Bond-Theriault’s brief also examines the amendment’s potential effects on incarcerated people, particularly people of color, who are pregnant or postpartum—and are still required to work with little respite or accommodations or risk punishment. (Bond-Theriault acknowledged that not every person incarcerated in a women’s jail or prison identifies as a woman.)
Although no government agency gathers statistics on pregnancies and birth outcomes behind bars, Advocacy and Research on Reproductive Wellness of Incarcerated People, which researches reproductive health care behind bars, collected 12 months of data from 22 state prison systems, the Federal Bureau of Prisons, six jails, and three juvenile justice systems (representing approximately 57 percent of women in prisons and 5 percent of women in jails). They found that approximately 4 percent of people entering state and federal prisons and 3 percent of people entering jails did so while pregnant.
Little was imprisoned five years before ARRWIP asked the Tennessee prison system for its data on pregnancy. She recalled that the hourly 34 cents from her laundry job helped offset the cost of phone calls and medical care, but was nowhere near covering the expenses. Not to mention that prison jobs offer few, if any, accommodations for pregnant workers. Little recalled that, while she was exempted from lifting heavy things, some days her feet were so swollen that it hurt to walk. “There were days that I’d have called out [sick] if I could have called out,” she recalled. In prison, however, there are no sick days and refusing to work could have jeopardized her release date.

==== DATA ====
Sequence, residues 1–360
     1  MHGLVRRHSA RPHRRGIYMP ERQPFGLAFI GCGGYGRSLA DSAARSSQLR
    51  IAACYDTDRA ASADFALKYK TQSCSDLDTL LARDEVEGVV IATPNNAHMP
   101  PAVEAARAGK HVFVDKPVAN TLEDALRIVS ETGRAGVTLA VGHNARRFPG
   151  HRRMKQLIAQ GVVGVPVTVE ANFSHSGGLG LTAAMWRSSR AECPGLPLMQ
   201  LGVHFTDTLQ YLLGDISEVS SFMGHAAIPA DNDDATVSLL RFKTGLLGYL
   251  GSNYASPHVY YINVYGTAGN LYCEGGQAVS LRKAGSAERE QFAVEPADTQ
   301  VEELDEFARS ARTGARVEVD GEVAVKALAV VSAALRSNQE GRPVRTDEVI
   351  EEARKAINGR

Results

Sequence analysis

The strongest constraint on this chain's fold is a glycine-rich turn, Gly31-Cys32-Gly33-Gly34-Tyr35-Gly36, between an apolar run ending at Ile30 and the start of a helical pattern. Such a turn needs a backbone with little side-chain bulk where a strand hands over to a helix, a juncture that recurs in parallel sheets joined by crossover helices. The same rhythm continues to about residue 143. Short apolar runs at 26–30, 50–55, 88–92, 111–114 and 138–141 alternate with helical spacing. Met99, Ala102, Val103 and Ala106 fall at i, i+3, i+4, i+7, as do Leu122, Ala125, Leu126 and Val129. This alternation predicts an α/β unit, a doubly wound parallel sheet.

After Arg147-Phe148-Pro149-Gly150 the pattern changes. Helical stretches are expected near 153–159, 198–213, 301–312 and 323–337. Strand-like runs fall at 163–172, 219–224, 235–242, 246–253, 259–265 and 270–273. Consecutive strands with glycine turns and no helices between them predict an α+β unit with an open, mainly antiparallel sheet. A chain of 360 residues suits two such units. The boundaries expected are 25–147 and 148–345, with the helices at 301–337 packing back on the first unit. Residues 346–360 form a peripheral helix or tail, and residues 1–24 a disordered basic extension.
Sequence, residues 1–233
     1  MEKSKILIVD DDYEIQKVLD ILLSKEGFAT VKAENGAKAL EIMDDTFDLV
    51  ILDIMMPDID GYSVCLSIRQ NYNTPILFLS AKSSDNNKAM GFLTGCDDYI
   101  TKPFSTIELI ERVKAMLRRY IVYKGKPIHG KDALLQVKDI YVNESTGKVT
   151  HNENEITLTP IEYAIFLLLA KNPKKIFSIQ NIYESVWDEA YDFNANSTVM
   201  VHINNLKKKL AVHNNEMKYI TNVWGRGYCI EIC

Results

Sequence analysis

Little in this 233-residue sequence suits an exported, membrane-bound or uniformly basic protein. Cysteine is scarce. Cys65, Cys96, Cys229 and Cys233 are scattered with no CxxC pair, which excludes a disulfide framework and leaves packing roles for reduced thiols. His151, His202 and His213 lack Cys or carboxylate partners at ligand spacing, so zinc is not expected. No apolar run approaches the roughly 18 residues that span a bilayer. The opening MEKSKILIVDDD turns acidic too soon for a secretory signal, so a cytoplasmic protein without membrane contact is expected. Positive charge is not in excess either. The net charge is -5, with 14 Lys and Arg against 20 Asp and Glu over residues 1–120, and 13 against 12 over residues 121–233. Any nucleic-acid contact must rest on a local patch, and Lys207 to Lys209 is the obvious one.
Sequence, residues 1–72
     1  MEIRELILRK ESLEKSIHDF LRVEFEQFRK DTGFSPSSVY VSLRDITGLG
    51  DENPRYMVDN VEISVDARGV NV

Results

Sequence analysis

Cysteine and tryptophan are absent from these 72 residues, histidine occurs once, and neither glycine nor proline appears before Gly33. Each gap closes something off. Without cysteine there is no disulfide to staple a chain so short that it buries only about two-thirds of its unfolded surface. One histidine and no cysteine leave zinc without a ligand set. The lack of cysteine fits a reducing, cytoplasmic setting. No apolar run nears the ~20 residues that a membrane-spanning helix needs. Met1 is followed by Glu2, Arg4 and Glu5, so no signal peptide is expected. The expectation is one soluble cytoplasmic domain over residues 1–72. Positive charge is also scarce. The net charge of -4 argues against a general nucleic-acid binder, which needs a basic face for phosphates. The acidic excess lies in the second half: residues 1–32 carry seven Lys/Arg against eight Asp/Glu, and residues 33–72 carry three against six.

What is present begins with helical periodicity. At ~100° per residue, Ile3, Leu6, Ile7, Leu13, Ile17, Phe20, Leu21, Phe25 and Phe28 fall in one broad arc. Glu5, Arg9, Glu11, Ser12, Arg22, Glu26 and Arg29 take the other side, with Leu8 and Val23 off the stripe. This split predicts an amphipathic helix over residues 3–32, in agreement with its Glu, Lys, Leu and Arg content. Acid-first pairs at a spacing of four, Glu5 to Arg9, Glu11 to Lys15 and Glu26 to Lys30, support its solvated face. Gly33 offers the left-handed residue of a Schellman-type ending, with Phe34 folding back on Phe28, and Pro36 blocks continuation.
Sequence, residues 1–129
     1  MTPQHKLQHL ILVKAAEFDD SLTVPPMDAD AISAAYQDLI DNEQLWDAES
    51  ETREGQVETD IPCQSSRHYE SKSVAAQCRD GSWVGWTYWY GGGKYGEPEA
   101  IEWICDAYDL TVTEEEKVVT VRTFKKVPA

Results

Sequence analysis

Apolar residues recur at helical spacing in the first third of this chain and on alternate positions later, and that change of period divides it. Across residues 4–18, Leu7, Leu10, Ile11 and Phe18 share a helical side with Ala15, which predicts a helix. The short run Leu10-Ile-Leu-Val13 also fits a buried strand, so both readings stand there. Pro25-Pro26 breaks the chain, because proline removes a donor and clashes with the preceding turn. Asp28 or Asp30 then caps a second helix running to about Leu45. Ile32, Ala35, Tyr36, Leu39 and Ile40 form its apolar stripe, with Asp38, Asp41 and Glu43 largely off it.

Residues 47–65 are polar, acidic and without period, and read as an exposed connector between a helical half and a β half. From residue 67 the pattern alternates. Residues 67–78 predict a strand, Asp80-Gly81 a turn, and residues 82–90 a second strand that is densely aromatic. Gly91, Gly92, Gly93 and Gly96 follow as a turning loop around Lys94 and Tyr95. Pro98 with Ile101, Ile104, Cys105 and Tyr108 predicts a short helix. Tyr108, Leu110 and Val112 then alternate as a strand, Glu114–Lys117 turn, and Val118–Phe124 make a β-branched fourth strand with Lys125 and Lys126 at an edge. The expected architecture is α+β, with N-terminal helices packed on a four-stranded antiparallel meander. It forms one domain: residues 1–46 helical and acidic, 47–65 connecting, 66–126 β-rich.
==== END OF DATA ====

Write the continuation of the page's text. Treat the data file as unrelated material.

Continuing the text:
Little was released weeks before giving birth, sparing her the indignity of potentially being handcuffed and shackled while in labor. She was able to visit her father, by then in a rehabilitation center, and introduce him to his new granddaughter less than two weeks before he died, a visit that would not have been possible had she refused to work and her release date were postponed.
Still, reflecting on her time in prison—and the hours she was forced to work in the prison’s laundry, Little asked, “How freely can consent be given in these circumstances?”
With the passage of Amendment Three in Tennessee and similar initiatives in three other states, Little hopes that incarcerated workers can fight for greater protections and rights. “Closing the loophole was the first step because it’s difficult to assert your rights in a system that can legally enslave you.”